It makes a person also wonder if other states AND EVEN communities, both in Germany and Europe as well as in the States and elsewhere are willing to step up to challenge to say Community First and not America, or America First and Community Second. In Germany alone, there are enough examples to put together, whether they are states, like Schleswig-Holstein, Saxony, Thuringia, and North Rhine-Westphalia. Bavaria, Zugspitze and Baden-Wurttemberg have already released their bragging rights. 😉  Cities, like Berlin, Munich, Leipzig, Dresden and Hamburg can step up to the plate.

As big as the cities are, they are very diverse and have unique places to visit worth noting. Yet, as small as Flensburg is (it has 100,000 inhabitants minus the city’s neighbors and suburbs, any small community can do it. It’s just a matter of looking at the community’s identity, what it has to offer for places and cultural events and lastly, showing them what to do and not to do.  There are enough examples one can imagine filming, whether it is Fehmarn and its unique places, Halle and its association with Luther and Haydn, Bayreuth and its history with Richard Wagner, Erfurt and its charming historic buildings and its bratwurst. Anything is possible. Just let the imagination go wild. 🙂

And with that in mind, allow the author to end with a Denkfoto, allowing you to sit with a good local beverage in your hand while enjoying the view of Flensburg’s skyline from the now Heimathafen Restaurant at Hafenspitze. Enjoy and good luck with your film project! 😀  Looking forward to seeing more on this.

Remember: This challenge similar to what was presented is open for anyone wishing to beg to differ in Trump’s America First Comment.

Flensburg Sunset

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Year of the Beer Day 25: Jever Pilsener

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Day 25 and we head north to the Frisan region of Lower Saxony and the town of Jever, home of this beer. While the brewery, founded by Diedrich König in 1848, is one of many in the region, it did accomplish many feats for a brewery in the northern half of Germany. König found something special about the Jever beer and established his family business and marketed the beer in the region, before he died in 1867. His son Theodor Fetköter took over and converted the family-business into a large brewery, where he was innovative in his craftery. The brewery build a water supply system providing quality water for brewing. Furthermore, he developed special bottles, like this one, to fill with pilseners. And lastly, he spearheaded efforts to advertise the beer, making Jever one of the first beers to do that.  After World War I, the brewery was sold to the St. Pauli-Bavaria Brewing company based in Hamburg, which later allowed the brewery to sell beer under the name, Jever Pilsener. That beer has become very popular in the supermarkets and can still be found today. The brewery itself still operates in Jever but under the umbrella of the Radeberger Group.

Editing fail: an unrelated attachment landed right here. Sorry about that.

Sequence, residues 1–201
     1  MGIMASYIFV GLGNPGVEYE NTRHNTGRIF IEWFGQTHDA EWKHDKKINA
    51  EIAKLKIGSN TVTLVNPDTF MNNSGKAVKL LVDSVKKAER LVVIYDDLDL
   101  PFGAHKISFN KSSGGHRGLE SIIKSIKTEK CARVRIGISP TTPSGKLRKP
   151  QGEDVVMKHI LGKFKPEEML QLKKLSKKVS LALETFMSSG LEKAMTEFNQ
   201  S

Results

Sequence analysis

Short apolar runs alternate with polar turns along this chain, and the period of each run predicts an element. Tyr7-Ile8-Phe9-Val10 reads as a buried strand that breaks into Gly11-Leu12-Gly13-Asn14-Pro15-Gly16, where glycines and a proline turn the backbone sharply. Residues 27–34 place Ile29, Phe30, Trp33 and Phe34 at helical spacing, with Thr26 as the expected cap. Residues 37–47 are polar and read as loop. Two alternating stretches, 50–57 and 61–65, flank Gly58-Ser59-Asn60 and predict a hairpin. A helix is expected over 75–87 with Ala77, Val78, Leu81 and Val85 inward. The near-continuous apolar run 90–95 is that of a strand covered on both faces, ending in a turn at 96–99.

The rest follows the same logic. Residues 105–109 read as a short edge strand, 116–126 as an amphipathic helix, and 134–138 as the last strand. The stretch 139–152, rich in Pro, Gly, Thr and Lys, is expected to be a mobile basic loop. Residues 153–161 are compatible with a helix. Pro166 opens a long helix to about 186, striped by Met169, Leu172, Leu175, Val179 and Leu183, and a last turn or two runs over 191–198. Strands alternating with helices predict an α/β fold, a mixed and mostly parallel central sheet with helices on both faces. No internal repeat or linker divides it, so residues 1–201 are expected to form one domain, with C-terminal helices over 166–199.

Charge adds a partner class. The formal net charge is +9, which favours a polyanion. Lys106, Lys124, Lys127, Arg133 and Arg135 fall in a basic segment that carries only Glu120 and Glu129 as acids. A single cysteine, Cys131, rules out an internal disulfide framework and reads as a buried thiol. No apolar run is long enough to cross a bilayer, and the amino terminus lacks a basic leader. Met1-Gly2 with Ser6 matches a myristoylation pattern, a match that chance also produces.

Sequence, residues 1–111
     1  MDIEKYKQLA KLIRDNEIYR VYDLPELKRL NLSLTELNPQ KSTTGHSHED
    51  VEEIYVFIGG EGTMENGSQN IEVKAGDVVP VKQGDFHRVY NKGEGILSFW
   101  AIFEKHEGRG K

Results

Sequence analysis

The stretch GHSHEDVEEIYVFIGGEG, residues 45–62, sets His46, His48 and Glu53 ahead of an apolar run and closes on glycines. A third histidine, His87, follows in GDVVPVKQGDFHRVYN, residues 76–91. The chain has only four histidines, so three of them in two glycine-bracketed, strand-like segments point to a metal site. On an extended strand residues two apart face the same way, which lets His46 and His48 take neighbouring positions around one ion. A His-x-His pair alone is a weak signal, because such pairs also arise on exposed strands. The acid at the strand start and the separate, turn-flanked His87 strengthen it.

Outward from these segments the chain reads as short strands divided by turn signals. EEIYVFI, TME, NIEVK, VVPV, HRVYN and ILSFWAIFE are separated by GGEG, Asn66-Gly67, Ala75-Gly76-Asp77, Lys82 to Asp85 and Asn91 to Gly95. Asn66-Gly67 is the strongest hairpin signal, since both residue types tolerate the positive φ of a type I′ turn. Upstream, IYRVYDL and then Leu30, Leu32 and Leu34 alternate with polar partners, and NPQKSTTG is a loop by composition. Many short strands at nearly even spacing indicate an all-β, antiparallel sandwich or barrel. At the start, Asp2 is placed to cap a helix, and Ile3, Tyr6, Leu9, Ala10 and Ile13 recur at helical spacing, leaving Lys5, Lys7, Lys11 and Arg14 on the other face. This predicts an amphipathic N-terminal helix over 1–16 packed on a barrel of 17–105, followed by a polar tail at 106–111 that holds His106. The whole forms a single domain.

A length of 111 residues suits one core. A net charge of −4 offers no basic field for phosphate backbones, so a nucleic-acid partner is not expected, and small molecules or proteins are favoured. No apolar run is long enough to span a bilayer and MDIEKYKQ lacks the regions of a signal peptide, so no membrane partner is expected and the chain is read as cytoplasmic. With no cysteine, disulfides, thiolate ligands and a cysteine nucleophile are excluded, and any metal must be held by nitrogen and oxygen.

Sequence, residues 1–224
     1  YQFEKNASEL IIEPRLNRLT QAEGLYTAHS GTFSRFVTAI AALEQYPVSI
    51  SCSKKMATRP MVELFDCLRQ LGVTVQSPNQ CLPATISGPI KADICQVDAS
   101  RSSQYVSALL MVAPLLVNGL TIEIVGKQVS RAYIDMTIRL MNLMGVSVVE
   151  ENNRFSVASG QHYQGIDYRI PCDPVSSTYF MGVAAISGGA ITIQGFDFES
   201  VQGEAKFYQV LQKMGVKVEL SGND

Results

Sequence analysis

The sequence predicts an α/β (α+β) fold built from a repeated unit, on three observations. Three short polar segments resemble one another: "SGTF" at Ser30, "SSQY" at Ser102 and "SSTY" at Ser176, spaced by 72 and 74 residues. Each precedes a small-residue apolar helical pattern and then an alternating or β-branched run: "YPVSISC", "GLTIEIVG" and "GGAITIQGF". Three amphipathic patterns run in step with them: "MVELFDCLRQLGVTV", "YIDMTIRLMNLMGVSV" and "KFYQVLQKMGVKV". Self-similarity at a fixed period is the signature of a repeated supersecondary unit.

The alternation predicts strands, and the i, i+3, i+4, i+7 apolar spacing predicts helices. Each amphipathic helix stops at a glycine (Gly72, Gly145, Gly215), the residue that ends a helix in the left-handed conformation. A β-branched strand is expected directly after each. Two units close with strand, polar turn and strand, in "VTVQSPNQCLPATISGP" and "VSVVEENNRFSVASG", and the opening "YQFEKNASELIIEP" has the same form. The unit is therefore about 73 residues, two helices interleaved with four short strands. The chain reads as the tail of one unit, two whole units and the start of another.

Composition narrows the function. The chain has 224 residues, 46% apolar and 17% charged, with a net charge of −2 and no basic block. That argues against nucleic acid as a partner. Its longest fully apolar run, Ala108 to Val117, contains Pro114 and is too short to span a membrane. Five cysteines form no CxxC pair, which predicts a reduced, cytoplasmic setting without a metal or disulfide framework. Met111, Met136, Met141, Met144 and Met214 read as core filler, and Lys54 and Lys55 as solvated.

I was told that the beer was really good and a great example of a northern pilsener. Therefore, I decided to give it a try. The beer’s appearance was impressive with a clear gold color and a near persistant head. It’s carbination was lively. The aroma was really strong, one of the strongest I’ve seen in a beer so far, with a smell of grain and nut malt as well as herbal malt. While the balance is towards the sharp end, the impression was quite nice because the aroma was typical of a pilsener.

As far as flavor is concerned, this was typical of a northern pilsener with grain malt, earth and herbal hops and some citrus. While the balance was bitter and the intensity of the flavor was strong, the lemony flavor made the pils taste rather nice. Yet if one has not tried a German pilsener and tries this beer, the first sensation can be a combination of bitter, sweet and sour at once, resulting in the taste being spicy and prickly. But it gets better after two or three more sips, and the beer will be one to use for consumption.

Grade: 1,7/ A-  The Jever pilsener is a classic example of a northern pilsener but brewed using innovative methods established by Theodor Fetköter. Because of the special characteristics of the pils, the Jever has continued to craft beer from the Frisan region, thus reinforcing the stereotype that having a local homebase from the beginning produces a good beer. It is not a local beer per se, as it can be found in Germany and other countries, but it is one beer that has a taste that is typical of the region. As northern pils require citrus to make the beer drinkable and not so hard and bitter because of the hard water, the Jever has a bit of a twist that makes it a herbal beer to drink. A pilsner with a twist always makes for a good drink. 🙂